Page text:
In our last report, I mentioned AIL’s Leadership seminars being in high demand. The results that we are seeing from these seminars are astounding. The women who are attending are not only improving their own lives, but also working to improve their neighbors and communities. Here is an example:
“I am now a woman with high education. I have many economic problems, but I couldn’t work out of home to earn anything. The low salary of my husband couldn’t solve our problems. After joining the Leadership Workshop, I learned that I have to be aware of my abilities. I should attend some courses in order to provide services to both my family and my people. One of the participants in Leadership Workshop guided me to attend a Sewing Course so I attended the course and learned sewing. I sewed cloth and sold it. With my earnings I could buy a sewing machine. Then I established a sewing course. I taught some students who were mostly illiterate girls and women. Now all of them are intelligent and talented tailors and spend their life sewing and earning respectfully.”
It is so exciting to watch the expansion of women’s thoughts in Afghanistan. By offering an education to them, their thirst for knowledge just keeps growing. At every village that AIL is invited into to start a program or offer a workshop, we see the women requesting more and more information. They consistently ask for other workshops and seminars to be made available to them – and to others in their communities.
It appears that once you offer a person a chance to become literate – they just want to continue learning. These women in the AIL learning centers request more classes including skill classes such as sewing, computers, calligraphy, painting, drawing – and subject classes such as English, science and math. In addition, as word spreads about leadership seminars, AIL receives more and more requests to offer their programs in more communities. These women want to improve their lives and their communities and see their Country flourish.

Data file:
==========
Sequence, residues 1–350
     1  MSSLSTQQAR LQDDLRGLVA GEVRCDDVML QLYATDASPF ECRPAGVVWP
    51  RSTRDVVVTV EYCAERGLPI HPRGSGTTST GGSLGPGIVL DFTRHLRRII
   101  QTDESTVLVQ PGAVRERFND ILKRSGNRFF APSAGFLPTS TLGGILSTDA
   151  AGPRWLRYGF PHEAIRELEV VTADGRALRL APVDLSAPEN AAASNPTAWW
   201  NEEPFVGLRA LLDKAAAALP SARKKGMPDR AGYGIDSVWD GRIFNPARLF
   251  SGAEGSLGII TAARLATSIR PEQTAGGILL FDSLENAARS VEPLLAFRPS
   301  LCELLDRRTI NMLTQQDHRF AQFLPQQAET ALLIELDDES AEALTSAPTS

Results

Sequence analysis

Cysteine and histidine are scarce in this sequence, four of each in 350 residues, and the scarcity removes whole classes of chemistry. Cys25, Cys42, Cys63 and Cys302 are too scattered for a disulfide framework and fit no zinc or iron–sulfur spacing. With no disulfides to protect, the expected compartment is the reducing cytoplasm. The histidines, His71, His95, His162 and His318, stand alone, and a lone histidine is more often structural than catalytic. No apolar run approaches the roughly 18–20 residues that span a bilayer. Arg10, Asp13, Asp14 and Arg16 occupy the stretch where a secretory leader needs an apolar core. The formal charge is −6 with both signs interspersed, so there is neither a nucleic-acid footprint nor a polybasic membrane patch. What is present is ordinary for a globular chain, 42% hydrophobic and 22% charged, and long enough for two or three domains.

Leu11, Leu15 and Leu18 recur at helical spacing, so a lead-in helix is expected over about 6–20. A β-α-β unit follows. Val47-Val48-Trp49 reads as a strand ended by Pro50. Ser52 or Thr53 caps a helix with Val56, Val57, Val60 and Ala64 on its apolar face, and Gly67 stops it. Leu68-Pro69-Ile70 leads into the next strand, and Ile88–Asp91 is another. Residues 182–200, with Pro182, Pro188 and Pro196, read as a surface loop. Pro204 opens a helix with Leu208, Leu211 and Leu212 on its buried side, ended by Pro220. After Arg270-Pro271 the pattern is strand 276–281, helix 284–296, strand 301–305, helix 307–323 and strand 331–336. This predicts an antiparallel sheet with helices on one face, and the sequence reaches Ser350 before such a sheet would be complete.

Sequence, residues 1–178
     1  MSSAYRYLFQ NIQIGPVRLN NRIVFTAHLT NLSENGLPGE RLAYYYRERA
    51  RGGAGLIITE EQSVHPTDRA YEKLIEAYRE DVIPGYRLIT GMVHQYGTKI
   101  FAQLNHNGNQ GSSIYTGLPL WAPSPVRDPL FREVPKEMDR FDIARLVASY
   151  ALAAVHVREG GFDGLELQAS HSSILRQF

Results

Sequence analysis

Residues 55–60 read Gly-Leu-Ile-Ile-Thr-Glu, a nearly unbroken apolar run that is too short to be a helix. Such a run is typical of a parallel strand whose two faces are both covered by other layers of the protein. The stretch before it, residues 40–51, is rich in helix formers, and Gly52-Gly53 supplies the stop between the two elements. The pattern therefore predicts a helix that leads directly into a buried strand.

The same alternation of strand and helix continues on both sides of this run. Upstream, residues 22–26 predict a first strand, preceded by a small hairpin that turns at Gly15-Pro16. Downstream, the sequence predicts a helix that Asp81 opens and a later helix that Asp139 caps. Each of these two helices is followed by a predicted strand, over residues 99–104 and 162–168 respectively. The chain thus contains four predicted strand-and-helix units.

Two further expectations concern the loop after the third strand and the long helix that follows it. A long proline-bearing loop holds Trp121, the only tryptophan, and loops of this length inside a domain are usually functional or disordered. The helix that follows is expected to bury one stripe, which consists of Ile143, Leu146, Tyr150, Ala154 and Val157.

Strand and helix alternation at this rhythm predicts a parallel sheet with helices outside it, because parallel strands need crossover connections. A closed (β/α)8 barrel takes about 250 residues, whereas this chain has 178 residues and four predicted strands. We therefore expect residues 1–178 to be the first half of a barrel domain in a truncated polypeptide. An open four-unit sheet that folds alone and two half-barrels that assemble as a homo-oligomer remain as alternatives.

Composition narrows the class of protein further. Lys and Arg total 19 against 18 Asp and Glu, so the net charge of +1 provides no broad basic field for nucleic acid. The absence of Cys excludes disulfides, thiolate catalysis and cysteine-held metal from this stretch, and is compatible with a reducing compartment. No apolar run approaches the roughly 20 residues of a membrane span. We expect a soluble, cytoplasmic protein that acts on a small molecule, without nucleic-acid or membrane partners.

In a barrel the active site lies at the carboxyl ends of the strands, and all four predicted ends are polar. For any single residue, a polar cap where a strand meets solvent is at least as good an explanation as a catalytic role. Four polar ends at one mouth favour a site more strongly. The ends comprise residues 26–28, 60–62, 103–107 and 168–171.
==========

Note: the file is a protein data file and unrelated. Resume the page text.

The main focus of the Afghan Institute of Learning is to educate and provide health care and health education to women and children in order to promote a healthy, promising, bright and peaceful society. Students at the AIL Learning Centers know that continuing their education is important for their own future and for the future of their communities, and they are filled with hope and dreams of a better tomorrow. Pari, a student at the Zarghoona Ana Learning Center believes that she will continue her education. She presently takes classes in literacy and sewing. She dreams that she will one day become a great tailor and be in a position to do great things for her people. She hopes to then teach others how to sew so that they too will be able to prosper.
Another AIL Project, “Transform Lives of 70,000 Afghan Adolescent Girls” has been chosen to be part of the Girl Effect Challenge, which runs from October 15 through November 15, 2011. Approximately 60 projects have been included in this challenge. The top six projects with the highest number of unique donations will become part of the Girl Effect Fund for one year and each is expected to earn an additional $25,000. Please check out our project #8791, and thank you for your generous support of our programs!
Azada, is one Afghan woman who says she is thankful for the AIL Learning Centers. She said, “I had an illiterate family. My husband and my grandmother had very old ideas. One day, I asked my husband if it is possible for me to go to a learning center. Unfortunately, my husband was very harsh, and he prevented me from going to school. I repeatedly asked my husband, and finally, he said to me you can go join a course with all of the children. My oldest child was 14, the next 13 and the third was 6. We all went to the center and registered ourselves for different classes. My children and I are now literate. Four people from one family became literate, which shows the impact of AIL activities. They save the lives of families.”
Living in the midst of war, Afghans are looking for opportunities to live life free of daily conflict. In 2010, AIL implemented peace education workshops after hearing requests by people who attended AIL’s leadership workshops which have a peace component. There were 6 peace workshops held for 251 (81% female) participants. 2010 was also an election year in Afghanistan so AIL responded with election related workshops.
These trainings offer quality knowledge to teachers and community members, who in turn impact their students and families well beyond the classroom and the subjects they were taught. The ability for teachers and students to think critically, to ask questions, and to discuss ideas is the foundation for building a new future for Afghanistan.
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